Meanwhile, the department wasn’t “measuring what’s important,” said Villanueva, “which is the safety of the jails.”
Villanueva said under his predecessor’s administration, “staff weren’t allowed to defend themselves.” And if they did defend themselves, “it would be at the cost of their careers.” Probation officers find themselves facing the same directives.
The dangerous conditions in the jails are being allowed to fester by the Board of Supervisors who appear to be more concerned about pleasing critics than supporting their own employees working in a safe environment.
To blame the federal government is nonsense. To have this letter signed off by a mentally decaying woman is highly disingenuous and others who live over 3,000 miles away do little to address the problem if the fingers aren’t being pointed at what the County is doing to impede the process of restoring a safe jail environment for the inmates and the staff begins with finding out why the contract to rebuild the jails was canceled.
The former County Board Supervisor leading the charge on the rebuild, Mark Ridley-Thomas, is awaiting the start of his federal trial in three weeks to answer to allegations of trading campaign donations for County contracts.
Were there nefarious actions attached to the awarding of the jail contract as it was alleged with a County contract for a sexual harassment abuse hotline for the Los Angeles County Metropolitan Authority?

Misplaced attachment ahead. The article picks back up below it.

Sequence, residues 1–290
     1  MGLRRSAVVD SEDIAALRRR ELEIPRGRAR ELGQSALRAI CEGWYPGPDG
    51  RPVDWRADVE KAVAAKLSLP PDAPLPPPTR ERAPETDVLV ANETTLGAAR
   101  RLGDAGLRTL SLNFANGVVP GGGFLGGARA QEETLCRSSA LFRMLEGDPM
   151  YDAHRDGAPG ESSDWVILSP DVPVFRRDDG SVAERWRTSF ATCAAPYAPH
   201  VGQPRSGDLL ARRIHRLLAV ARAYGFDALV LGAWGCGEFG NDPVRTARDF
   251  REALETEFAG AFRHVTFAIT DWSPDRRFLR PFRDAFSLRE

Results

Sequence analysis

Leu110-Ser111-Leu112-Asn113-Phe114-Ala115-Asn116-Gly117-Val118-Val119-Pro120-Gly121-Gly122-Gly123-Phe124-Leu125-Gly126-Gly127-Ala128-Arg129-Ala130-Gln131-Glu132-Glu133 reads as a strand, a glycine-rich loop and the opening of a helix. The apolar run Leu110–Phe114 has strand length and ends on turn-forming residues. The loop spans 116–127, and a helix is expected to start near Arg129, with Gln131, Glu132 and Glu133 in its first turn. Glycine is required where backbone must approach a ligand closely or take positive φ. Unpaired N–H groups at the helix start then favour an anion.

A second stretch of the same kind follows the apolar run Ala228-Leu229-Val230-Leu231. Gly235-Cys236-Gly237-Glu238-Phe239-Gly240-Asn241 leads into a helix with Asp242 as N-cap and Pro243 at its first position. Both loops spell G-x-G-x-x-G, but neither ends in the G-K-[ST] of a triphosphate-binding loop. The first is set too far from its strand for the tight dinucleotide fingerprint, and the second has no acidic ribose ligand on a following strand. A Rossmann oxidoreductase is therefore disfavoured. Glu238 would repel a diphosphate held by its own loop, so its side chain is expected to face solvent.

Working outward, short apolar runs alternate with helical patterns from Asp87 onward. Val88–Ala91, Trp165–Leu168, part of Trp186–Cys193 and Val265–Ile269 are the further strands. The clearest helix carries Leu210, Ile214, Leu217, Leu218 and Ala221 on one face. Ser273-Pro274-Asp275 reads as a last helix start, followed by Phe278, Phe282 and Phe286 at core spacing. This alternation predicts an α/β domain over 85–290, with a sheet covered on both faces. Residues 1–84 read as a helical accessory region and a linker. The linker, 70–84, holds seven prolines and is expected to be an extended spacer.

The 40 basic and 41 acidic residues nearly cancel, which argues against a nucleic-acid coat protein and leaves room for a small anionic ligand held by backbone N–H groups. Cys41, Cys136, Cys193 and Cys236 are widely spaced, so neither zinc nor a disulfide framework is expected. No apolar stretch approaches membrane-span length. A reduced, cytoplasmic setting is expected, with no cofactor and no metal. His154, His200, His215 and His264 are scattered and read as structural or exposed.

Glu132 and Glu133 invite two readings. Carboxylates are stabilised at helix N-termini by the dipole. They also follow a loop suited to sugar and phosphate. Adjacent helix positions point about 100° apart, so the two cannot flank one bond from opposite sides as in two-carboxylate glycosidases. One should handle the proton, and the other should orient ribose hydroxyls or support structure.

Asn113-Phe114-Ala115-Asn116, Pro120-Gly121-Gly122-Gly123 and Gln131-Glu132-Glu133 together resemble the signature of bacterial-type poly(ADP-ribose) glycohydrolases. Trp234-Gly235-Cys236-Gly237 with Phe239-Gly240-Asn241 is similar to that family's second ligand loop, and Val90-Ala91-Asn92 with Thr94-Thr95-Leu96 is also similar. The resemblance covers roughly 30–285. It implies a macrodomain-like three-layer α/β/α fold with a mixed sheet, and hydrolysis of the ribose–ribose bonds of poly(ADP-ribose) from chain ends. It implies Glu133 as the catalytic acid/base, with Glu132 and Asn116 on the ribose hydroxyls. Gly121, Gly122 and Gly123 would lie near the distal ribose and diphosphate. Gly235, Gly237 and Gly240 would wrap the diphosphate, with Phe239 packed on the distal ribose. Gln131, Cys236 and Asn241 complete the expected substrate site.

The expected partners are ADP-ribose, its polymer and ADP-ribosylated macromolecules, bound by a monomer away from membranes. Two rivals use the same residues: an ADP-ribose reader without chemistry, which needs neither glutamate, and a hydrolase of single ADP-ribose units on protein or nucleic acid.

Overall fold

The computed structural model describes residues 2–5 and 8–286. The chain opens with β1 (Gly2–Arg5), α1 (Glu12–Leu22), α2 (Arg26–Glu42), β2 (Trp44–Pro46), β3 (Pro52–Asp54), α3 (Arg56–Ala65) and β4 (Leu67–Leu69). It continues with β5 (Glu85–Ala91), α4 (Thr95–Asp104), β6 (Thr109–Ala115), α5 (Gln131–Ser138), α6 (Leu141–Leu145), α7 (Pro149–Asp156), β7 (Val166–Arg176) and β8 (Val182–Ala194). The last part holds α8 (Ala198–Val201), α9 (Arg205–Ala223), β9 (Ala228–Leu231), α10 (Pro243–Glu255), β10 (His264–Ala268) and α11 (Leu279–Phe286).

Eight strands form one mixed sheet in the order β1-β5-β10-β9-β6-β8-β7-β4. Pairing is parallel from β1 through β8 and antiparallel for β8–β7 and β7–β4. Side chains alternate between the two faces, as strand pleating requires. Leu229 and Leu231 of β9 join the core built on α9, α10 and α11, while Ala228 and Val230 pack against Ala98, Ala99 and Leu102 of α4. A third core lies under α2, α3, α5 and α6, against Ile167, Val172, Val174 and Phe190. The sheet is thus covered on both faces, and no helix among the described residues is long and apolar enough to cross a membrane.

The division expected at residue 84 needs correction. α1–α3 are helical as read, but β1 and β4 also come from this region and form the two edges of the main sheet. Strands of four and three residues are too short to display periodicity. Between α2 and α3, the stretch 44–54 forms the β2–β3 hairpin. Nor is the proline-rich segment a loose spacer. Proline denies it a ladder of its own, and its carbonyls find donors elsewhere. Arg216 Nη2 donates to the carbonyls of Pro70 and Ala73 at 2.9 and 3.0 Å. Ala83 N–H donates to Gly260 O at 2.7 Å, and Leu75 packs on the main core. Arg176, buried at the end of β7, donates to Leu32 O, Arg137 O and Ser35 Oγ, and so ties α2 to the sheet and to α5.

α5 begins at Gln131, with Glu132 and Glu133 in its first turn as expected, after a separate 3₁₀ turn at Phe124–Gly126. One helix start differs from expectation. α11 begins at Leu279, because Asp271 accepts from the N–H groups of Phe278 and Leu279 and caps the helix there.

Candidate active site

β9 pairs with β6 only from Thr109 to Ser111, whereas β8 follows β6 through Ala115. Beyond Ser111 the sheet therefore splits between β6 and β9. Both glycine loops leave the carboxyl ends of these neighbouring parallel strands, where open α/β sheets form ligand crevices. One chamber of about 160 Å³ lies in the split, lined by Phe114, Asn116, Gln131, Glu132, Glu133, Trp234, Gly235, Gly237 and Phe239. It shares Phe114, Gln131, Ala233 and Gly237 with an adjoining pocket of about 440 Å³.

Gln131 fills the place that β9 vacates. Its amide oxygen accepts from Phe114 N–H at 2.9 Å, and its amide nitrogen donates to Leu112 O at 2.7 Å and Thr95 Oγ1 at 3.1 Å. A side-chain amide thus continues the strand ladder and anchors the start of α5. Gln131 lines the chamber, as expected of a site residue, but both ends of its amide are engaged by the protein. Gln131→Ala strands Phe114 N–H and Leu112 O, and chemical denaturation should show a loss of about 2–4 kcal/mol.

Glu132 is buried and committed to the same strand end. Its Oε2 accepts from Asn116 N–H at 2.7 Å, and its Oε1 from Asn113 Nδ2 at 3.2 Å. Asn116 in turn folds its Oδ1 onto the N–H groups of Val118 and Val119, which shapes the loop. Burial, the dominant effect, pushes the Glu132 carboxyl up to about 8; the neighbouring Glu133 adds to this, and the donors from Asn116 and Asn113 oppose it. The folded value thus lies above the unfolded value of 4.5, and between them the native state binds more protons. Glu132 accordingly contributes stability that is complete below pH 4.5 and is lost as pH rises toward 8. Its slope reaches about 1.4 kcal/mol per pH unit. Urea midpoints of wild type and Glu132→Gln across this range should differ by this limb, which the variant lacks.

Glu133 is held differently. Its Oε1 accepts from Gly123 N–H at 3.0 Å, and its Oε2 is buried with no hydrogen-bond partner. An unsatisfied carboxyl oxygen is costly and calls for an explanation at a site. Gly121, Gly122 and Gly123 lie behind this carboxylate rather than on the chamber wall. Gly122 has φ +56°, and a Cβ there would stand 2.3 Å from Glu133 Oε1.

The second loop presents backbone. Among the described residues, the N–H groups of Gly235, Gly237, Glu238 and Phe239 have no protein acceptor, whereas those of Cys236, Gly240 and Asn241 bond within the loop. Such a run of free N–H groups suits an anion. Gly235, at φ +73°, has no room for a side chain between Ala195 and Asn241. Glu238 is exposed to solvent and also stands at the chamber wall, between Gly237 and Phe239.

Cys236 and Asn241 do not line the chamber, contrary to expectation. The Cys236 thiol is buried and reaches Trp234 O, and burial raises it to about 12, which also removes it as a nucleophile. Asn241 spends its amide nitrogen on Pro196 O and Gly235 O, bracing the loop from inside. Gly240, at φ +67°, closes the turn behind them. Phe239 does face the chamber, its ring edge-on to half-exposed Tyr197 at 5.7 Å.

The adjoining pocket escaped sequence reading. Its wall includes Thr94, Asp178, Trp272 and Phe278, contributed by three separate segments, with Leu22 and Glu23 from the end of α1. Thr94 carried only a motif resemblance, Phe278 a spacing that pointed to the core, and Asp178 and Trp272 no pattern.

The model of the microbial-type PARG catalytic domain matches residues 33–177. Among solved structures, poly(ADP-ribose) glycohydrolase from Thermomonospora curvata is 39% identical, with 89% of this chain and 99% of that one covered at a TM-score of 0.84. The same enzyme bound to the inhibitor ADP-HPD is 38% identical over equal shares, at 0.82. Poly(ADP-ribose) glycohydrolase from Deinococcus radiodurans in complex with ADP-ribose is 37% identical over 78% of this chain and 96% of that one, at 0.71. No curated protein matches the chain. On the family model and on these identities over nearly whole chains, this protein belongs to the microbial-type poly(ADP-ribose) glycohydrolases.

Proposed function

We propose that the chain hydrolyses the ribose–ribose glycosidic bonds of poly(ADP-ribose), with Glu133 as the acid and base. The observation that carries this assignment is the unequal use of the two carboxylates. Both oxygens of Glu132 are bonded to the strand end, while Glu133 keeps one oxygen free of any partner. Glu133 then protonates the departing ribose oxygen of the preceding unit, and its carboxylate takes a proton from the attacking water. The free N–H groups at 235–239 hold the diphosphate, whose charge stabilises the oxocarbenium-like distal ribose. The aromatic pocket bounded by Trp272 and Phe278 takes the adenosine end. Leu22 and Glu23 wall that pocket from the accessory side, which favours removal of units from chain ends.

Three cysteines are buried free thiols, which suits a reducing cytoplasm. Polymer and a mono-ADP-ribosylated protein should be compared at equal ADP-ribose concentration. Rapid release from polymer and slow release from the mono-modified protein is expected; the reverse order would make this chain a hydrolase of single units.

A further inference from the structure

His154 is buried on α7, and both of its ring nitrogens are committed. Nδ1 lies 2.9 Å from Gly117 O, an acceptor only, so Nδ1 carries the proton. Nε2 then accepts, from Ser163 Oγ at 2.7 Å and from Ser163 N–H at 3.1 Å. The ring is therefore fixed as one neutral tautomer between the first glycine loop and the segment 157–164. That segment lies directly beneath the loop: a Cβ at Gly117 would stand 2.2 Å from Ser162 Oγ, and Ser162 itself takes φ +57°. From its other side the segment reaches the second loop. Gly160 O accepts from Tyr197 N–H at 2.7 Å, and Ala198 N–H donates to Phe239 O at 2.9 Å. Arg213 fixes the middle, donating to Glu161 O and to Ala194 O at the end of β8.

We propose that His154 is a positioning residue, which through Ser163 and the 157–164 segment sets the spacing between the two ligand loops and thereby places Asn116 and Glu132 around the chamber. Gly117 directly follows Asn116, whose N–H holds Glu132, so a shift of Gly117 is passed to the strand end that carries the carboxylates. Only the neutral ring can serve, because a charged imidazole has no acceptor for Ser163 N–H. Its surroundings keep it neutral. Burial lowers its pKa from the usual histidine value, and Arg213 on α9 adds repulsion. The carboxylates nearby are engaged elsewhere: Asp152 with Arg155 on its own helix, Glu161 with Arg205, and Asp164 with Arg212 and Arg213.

Andrea Armstrong, a law professor at Loyola University New Orleans, is calling for every jail to have independent oversight to know the ways the jails are failing.
In Los Angeles County, former County prosecutor Max Huntsman was given the prestigious title of “Inspector General” in late 2013 a month after former Sheriff Jim McDonnell secured the seat. Huntsman’s job it is to keep the Board of Supervisors apprised of the conditions in the department.
There are no easily accessible comments from Huntsman going on the record against the Board canceling the nearly $2 billion contract to rebuild Men’s Central Jail especially if he had access to the facilities under McDonnell.
He wouldn’t begin to clash with Villanueva until nearly eight years later.
The problem with LA County jails is the Board member’s failure to allow people to do the job they’re hired to do and in turn, do the job voters asked them to do which is provide safe working conditions for the countless number of union employees and ensure the safety of those in custody by having facilities conducive to such environments.
Appointments have consequences meaning Huntsman can’t speak freely on what he sees as problems or he would most likely no longer be the Inspector General.
Newly elected Sheriff Robert Luna went on a radio interview on Feb. 2 and said his top priorities are restoring public trust and addressing the issues in the jails.
Deputy gangs are now an afterthought. I wonder why?
Read the full article on the Senator’s letter here.